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Evaluating the Safe Public Spaces Program

About Safe Public Spaces

Research has demonstrated important connections between students’ sense of safety—both physical and emotional—inside their schools and outcomes such as academic effort and achievement. At the same time, there is growing awareness of problems associated with so-called “zero tolerance” approaches to school safety, the widespread use of suspensions, and the involvement of the criminal justice system in schools. In response, a number of school districts, including New York City, have begun focusing on approaches to student discipline that reduce the use of suspensions.

Safe Public Spaces (SPS), designed and led by Engaging Schools, aims to establish a safe and supportive school environment by training all members of a school’s staff to promote positive student behaviors and interactions, and prevent, understand, and respond to disciplinary infractions. SPS focuses on applying consistent and firm discipline policies while keeping students in their learning environment and providing them with needed supports. SPS trains staff to: (1) promote a safe, welcoming, and orderly school culture through practices such as increasing the frequency of adult-student interaction, (2) prevent illegal and aggressive/violent behavior by monitoring public spaces prone to high rates of problem behavior (e.g., cafeterias, hallways, entranceways) and placing trained staff in those areas, and (3) intervene at times of conflict and follow up using protocols and restorative interventions to meet the context of the situation.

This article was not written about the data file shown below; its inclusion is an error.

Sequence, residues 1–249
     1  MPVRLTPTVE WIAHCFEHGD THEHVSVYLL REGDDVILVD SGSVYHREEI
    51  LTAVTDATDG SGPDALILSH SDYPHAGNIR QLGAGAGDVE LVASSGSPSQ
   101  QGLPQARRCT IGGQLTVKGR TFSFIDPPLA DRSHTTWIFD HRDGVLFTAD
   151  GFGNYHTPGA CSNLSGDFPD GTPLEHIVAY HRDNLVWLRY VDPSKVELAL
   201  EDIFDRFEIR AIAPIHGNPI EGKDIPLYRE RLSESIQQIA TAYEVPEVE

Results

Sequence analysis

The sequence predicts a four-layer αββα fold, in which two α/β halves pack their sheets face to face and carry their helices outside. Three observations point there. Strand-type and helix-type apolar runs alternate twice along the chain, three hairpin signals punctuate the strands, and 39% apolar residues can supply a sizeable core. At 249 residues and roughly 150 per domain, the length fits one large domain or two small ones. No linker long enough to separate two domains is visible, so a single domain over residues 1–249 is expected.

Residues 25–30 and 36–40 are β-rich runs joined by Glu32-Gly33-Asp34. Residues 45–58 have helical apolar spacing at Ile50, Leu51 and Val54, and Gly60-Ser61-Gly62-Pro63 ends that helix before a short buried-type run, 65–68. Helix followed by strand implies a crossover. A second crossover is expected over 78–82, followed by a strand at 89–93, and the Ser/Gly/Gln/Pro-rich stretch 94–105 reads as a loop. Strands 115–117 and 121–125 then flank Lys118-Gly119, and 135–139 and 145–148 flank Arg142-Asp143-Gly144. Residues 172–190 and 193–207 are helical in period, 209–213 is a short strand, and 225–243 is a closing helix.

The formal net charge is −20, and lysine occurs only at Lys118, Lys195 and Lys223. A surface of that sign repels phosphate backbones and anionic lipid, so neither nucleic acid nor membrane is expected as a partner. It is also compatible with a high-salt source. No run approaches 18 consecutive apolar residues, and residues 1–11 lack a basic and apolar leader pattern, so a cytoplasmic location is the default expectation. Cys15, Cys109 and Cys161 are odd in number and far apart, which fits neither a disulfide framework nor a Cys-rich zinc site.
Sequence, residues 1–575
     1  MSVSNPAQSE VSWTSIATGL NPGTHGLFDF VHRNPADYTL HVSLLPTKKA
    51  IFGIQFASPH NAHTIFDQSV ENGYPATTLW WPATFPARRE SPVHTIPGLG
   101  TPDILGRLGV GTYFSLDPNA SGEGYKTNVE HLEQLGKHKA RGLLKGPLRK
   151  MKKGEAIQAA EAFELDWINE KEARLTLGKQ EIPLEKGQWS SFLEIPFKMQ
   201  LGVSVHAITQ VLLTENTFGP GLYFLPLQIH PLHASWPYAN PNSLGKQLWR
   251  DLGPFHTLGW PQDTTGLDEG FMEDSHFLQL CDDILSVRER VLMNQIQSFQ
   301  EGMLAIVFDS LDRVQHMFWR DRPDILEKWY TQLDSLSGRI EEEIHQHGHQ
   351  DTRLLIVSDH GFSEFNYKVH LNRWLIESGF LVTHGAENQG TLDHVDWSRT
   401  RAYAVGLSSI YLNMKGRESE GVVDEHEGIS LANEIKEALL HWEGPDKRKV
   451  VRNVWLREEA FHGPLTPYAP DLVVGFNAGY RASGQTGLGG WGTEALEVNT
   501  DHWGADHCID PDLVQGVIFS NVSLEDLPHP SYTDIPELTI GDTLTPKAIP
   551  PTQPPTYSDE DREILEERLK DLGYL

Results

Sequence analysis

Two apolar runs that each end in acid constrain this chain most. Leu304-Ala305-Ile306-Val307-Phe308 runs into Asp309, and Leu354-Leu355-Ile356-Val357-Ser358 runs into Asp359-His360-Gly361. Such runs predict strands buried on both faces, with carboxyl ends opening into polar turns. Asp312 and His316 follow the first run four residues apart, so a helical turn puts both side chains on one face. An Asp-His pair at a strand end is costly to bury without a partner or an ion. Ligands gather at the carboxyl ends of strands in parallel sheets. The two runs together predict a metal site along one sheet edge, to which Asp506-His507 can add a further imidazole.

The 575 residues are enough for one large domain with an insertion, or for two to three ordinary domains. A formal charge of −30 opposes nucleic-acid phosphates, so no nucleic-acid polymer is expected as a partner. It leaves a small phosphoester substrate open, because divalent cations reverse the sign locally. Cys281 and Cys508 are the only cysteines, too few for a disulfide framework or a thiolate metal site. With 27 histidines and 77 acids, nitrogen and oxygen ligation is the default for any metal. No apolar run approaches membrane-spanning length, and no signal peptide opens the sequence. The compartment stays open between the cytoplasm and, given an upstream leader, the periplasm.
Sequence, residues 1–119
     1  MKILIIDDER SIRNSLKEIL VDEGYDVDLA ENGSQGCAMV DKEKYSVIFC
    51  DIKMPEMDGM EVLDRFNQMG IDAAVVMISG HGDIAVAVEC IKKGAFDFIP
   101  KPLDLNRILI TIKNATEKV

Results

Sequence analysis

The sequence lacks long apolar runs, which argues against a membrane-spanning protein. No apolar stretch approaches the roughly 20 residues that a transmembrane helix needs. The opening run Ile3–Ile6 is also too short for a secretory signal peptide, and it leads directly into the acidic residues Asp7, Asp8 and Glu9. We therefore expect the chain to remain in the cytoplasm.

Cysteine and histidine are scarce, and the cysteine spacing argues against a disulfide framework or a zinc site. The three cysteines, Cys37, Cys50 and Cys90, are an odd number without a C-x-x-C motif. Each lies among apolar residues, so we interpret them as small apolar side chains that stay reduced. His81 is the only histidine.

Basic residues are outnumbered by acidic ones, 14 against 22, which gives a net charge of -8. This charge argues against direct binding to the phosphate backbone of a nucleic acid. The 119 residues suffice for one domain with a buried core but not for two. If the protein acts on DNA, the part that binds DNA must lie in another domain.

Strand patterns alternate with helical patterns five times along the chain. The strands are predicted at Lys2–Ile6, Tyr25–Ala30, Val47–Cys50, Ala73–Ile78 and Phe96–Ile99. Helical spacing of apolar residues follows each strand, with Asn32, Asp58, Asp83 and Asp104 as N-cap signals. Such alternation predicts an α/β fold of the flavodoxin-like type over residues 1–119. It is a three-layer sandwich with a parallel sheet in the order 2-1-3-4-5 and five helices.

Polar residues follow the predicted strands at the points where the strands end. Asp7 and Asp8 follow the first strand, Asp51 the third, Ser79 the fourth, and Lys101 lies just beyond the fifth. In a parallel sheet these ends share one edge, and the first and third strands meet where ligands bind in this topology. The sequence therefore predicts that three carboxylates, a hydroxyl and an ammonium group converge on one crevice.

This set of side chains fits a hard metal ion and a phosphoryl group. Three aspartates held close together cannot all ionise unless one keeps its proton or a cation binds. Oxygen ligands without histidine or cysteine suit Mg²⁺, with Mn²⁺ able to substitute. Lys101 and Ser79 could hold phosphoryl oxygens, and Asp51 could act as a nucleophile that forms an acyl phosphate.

About Our Study

To understand whether, and how, participating in SPS improves school safety and climate, the American Institutes for Research (AIR) and the Research Alliance are conducting a mixed-methods study of SPS’s implementation and impact. The study includes 24 NYC middle schools schools—12 of which were randomly selected to participate in the program, and 12 that will serve as a control group.

The Research Alliance’s work will answer three key questions about SPS’s implementation:

  • Is SPS being implemented consistently across participating schools, and consistently with the program’s design?
  • How is SPS integrated into existing programs and aligned with other school policies?
  • How do schools resolve challenges related to program implementation?

We will address these questions by collecting data from educators—in SPS schools and comparison schools—about the services, policies, and procedures they use to foster safe and respectful public spaces; we will also conduct observations of SPS staff training programs and of key public spaces within the schools.

Findings from our implementation study will be combined with those from AIR’s impact study, which will explore whether schools participating in SPS provide a safer environment than schools that do not. Ultimately, we hope that this study informs future efforts to develop practical, replicable strategies for improving school safety and climate that reduce reliance on removing students from the classrooms.

Supported by the National Institute of Justice’s Comprehensive School Safety Initiative